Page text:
Brazil have a team that could win the next world cup not just because it’s on home soil but because they are beginning to put together a fabulous young team that will give Spain and Germany a run for their money.
They play a fast passing game 4-3-3 or 4-2-3-1 and at the top of the formation is a young striker called Lucas Moura – and finally it seems Brazil have a player to match the Brazil great Jairzinho.
Like Jairzinho, Lucas, aged 19, can play as a quick forward or winger and will hope to emulate his fellow countryman. Jairzinho was part of the legendary Brazil team that won the 1970 World Cup – he became one of only three players to have scored in every game his team played in the tournament.
Lucas has a low centre of gravity and runs with speed at defenders, dribbling past them or using skills to beat them. He has also been compared with Porto’s Hulk and AC Milan’s Alexandre Pato, but I like to think of him as Jairzinho.
He’s being chased by Inter Milan and Manchester United both of whom hope to prise him away from Sao Paulo but it’ll take a lot of Euros.
Lucas also wears Jairzinho’s number seven shirt for the national team.
Watch him in action in the clip below:
See also The English playmaker
See also The German defender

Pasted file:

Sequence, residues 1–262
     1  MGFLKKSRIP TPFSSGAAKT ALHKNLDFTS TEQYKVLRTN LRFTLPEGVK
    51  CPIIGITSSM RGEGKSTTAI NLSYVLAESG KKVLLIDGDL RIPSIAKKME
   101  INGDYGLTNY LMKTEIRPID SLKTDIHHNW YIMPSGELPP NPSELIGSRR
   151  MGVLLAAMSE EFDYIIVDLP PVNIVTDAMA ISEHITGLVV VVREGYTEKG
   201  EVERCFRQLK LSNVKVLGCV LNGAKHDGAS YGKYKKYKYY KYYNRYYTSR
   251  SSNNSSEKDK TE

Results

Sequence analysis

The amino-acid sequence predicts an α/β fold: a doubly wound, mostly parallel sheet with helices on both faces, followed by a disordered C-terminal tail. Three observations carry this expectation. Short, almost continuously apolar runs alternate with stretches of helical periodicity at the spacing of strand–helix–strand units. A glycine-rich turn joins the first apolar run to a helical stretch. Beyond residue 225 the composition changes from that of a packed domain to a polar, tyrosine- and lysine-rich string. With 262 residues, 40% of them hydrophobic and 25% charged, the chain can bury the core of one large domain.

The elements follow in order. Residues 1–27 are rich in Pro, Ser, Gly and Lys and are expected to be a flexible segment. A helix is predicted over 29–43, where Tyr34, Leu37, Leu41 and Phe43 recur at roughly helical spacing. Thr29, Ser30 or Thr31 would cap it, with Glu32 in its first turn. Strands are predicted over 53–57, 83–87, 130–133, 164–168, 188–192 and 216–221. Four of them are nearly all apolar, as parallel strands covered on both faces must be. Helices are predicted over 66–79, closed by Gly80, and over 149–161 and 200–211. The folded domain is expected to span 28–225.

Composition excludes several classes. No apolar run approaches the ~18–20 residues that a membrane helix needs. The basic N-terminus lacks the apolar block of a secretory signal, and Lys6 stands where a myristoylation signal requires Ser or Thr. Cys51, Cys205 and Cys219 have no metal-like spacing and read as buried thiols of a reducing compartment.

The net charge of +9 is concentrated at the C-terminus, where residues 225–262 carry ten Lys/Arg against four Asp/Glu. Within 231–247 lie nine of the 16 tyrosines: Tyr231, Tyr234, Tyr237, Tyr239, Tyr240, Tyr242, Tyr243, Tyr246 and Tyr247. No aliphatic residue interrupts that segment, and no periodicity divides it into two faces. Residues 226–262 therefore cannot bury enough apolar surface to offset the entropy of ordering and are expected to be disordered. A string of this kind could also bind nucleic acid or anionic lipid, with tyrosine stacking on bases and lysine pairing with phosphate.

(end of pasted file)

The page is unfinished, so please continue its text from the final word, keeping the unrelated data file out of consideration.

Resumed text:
Filed under: Dave Clarke, Soccer Coaching, Soccer Fitness, Soccer News, Soccer Refereeing, Soccer Skills, Soccer Team Management, Soccer Training | Tags: Bayer leverkusen, david platt, England, euros, Holland, ibrahimovic, joe cole, Real Madrid, russia, van basten, World Cup, youtube
My top five cup volleys
Marco van Basten: Holland v USSR Euro 1988 final
David Platt: England v Belgium World Cup 1990
Zinedine Zidane: Real Madrid v Bayer Leverkusen 2002 Champions League final
Joe Cole: England v Sweden World Cup 2006
Zlatan Ibrahimovic: Sweden v France Euro 2012
Filed under: Dave Clarke, Soccer Coaching, Soccer Fitness, Soccer News, Soccer Refereeing, Soccer Skills, Soccer Team Management, Soccer Training | Tags: brazil, legend, socrates, World Cup, youtube
Filed under: Dave Clarke, Soccer Coaching, Soccer Skills | Tags: Crouch, Italy, south africa, Tardelli, World Cup
Goal celebrations are one of the fun elements in the serious business of any World Cup. I can see when my players have been watching the games on TV because they suddenly have new very eleborate goal celebrations and the rest of the team tend to join in.
I like goal celebrations as long as they don’t show any disrespect to the opponents. In fact I have a theory that the best goal scorers have the best celebrations _ in other words don’t do the Peter Crouch robot.
The World Cup final usually has a great goal celebration, but the one that always stands out for me is Marco Tardelli – for Italy against West Germany in 1982